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OGDEN — Four young rattlesnakes found in the span of a week in a building at Weber State University have officials scaling back operations until it's deemed safe for workers to return.
The Receiving and Distribution Center — east of Skyline Drive in the foothills of Ogden — houses printing operations and mail services and is not frequented by students, said campus spokesman John Kowalewski.
Still, workers who stumbled upon the young rattlers last week are unnerved and questioning if more of the reptiles may have found their way inside the building.
"At first I thought it was a fake," said mail center employee Brad Colby, describing his Oct. 24 encounter with one. "Then it moved and I was dumbfounded."
The foot-long snake was on a landing at the top of the stairs in the building, which had some doors propped open because of the unseasonably warm daytime temperatures last week, he said.
Colby said he thought it may have been a garter snake, but when it coiled up in a corner, a co-worker told him it was a rattler.
"I just hate snakes," he said. "I didn't care what it was."
Colby's discovery was the second of its type, with two more snakes found in the days to follow.
Kowalewski said three of the snakes were safely captured and removed, while a fourth was killed.
A reptile expert was on campus Wednesday afternoon to determine if any more snakes remain and to assist campus officials in preventing a possible return.
"What we have discovered quickly is that we are not experts on reptiles or rattlesnakes," Kowalewski said.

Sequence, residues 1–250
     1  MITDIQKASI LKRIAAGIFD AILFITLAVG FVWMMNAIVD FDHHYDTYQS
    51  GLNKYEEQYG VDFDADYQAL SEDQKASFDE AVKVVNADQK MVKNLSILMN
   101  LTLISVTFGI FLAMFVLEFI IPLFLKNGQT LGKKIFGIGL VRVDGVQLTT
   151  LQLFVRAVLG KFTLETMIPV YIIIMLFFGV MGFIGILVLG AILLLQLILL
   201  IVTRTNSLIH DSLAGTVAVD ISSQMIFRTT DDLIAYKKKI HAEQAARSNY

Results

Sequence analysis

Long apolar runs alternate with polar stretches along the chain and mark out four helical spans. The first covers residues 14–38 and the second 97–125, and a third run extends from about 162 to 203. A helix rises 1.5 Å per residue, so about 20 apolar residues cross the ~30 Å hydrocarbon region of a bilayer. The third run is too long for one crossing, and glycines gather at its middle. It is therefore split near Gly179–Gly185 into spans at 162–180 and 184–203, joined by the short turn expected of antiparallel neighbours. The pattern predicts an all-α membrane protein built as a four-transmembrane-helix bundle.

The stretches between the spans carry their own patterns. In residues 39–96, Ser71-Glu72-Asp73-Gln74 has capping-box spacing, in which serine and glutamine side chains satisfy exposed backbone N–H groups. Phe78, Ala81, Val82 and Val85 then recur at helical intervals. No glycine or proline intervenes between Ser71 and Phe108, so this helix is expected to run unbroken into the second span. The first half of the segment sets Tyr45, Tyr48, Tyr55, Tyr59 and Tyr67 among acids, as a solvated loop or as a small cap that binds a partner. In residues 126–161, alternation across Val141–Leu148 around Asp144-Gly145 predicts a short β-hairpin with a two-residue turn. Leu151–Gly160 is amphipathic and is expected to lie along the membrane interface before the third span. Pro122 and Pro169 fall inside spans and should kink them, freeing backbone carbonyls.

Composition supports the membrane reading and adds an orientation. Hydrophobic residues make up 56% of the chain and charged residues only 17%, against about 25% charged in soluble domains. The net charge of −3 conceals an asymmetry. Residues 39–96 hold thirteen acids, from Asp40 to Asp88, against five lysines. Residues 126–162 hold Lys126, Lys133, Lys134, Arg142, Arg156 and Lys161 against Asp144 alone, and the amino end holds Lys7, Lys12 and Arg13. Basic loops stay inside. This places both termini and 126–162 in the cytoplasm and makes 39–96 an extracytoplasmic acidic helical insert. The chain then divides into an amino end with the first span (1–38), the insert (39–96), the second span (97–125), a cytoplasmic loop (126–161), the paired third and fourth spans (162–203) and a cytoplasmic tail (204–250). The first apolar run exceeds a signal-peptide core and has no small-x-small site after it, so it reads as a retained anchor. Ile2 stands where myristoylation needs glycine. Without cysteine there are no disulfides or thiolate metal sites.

Mail service employees were sent home early Wednesday and only a few printing press operators remain to finish up a job. Weber State, he added, will wait for the all-clear before employees return.
"First and foremost we are concerned about the safety and health of our employees in that building," he said.
Arlo Wing, a wildlife specialist with the state Division of Wildlife Reources, points out that rattlesnakes are a protected and misunderstood species and if all possible, appropriate agencies should be contacted for a safe removal.
"They do a lot of good for the environment," he said. "We do recognize there can be conflicts with public safety, but their benefits outweigh a lot of the negative connotations that many people have about them."
It's likely that changing temperatures are among the factors contributing to the rattlesnake issue on campus, added another division employee.
"It's not surprising to me at all that there would be rattlesnakes there," said Phil Douglass, pointing to the building's location next to the mountains. "You get them even further down in town."
Douglass, the state's conservation outreach manager, said they may also be looking for a suitable place to bunk down for the winter.
Once snakes pick a place, they can be hard tenants to evict, he said.
"Telling a snake where to go is a little bit like sweeping the tide back with a broom," Douglass said. "They are going to be where they are going to be."
Colby objects to sharing his work space.
"I am keeping my distance. I don't need that kind of stuff."
Douglass said that kind of caution is healthy.
"It pays for us to be aware of wildlife, be it a moose or rattlesnake," he said. "We do live in a wild place, and most of the time, that is a really pleasant thing."